November 2004 Voter Guide

Analysis and recommendations for the November 2004 ballot
Voter Guide
November 1, 2004
MeasureName
SPUR Position
PROP. ASupportive and Affordable Rental Housing and Homeownership BondYes
PROP. BNeighborhood Historical Resources Preservation BondNo
PROP. CHealth Service SystemYes
PROP. DMultiple-Subject Charter AmendmentYes
PROP. E

Increasing Retirement Benefits to Qualified Survivors of CertainPolice And Firefighters Who Die In The Line Of Duty

No Position
PROP. FNon-Citizen Voting In School Board ElectionsNo
PROP. GAuthorizing Health Plans For City ResidentsYes
PROP. HNaming The City-Owned Stadium “Candlestick Park”Yes
PROP. ICreate An Office Of Economic Analysis; Economic Development PlanNo
PROP. JSales Tax IncreaseNo Position
PROP. KBusiness TaxYes
PROP. LUse Of Hotel Surcharge To Preserve Single-Screen Movie TheatersNo
PROP. NMilitary Action In IraqNo Position
PROP. OUse Of New Sales Tax FundsNo
BART AABART Seismic BondYes

 

Fourteen City measures and one Regional measure appear on the San Francisco ballot on November 2, 2004 . As we do each election, SPUR has thoroughly analyzed every measure. Our Ballot Analysis Committee met with representatives of both sides of the issues, debated the merits, and provided recommendations to the full Board of Directors. The Board then considered each measure. It takes a 60 percent vote of the Board to make a recommendation.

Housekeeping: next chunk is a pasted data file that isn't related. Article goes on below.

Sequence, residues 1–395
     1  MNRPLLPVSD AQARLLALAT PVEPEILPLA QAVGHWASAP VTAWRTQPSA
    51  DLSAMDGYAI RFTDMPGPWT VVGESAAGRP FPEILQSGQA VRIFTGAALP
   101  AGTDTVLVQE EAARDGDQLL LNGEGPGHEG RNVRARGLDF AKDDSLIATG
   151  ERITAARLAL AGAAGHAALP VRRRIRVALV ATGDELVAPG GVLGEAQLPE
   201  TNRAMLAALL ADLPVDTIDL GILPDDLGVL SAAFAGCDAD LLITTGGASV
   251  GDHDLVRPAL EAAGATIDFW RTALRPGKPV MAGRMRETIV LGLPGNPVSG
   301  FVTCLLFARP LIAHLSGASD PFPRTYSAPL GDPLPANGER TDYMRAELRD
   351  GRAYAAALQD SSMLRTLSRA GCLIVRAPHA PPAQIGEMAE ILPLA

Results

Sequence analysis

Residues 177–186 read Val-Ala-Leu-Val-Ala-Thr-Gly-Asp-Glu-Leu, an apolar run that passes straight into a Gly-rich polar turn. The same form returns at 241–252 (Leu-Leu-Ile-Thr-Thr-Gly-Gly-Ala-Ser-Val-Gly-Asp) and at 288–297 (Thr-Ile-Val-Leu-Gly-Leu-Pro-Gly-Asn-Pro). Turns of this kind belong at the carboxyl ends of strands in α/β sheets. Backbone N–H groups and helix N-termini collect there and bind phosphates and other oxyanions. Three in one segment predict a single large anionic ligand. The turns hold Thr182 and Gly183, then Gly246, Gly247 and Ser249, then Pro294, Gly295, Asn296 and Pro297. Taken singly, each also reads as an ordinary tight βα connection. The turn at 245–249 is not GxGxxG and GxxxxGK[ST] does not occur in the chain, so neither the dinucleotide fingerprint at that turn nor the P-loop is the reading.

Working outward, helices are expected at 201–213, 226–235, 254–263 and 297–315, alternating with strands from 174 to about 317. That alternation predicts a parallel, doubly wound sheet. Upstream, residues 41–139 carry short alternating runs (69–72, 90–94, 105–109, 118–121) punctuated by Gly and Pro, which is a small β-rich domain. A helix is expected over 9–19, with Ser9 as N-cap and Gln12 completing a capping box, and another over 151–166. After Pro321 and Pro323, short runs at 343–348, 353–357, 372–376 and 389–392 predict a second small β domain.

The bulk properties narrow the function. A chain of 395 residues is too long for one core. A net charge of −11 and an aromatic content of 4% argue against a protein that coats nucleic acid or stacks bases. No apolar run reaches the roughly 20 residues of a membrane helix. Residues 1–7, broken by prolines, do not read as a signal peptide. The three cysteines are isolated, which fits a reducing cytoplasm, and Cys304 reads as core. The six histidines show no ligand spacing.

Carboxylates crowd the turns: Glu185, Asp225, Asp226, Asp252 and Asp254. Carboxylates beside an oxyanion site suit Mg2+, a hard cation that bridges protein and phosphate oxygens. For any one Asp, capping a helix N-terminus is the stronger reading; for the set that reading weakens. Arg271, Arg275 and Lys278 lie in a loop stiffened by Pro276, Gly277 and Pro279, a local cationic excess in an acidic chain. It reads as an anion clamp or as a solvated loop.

A well-meaning proposition isn't enough to earn an endorsement?it needs to propose a viable fix to a real problem. Ill-considered and politically motivated measures always end up on the ballot, but they don't have to become law.

For each of these fifteen measures we asked: is it necessary and appropriate to be on the ballot? Is it practical, and if enacted, will it achieve the result it proposes? And most importantly, we ask if it is a worthy goal, one that will make San Francisco a better place to live for everyone.

 

About the Authors: 
SPUR Ballot Analysis Committee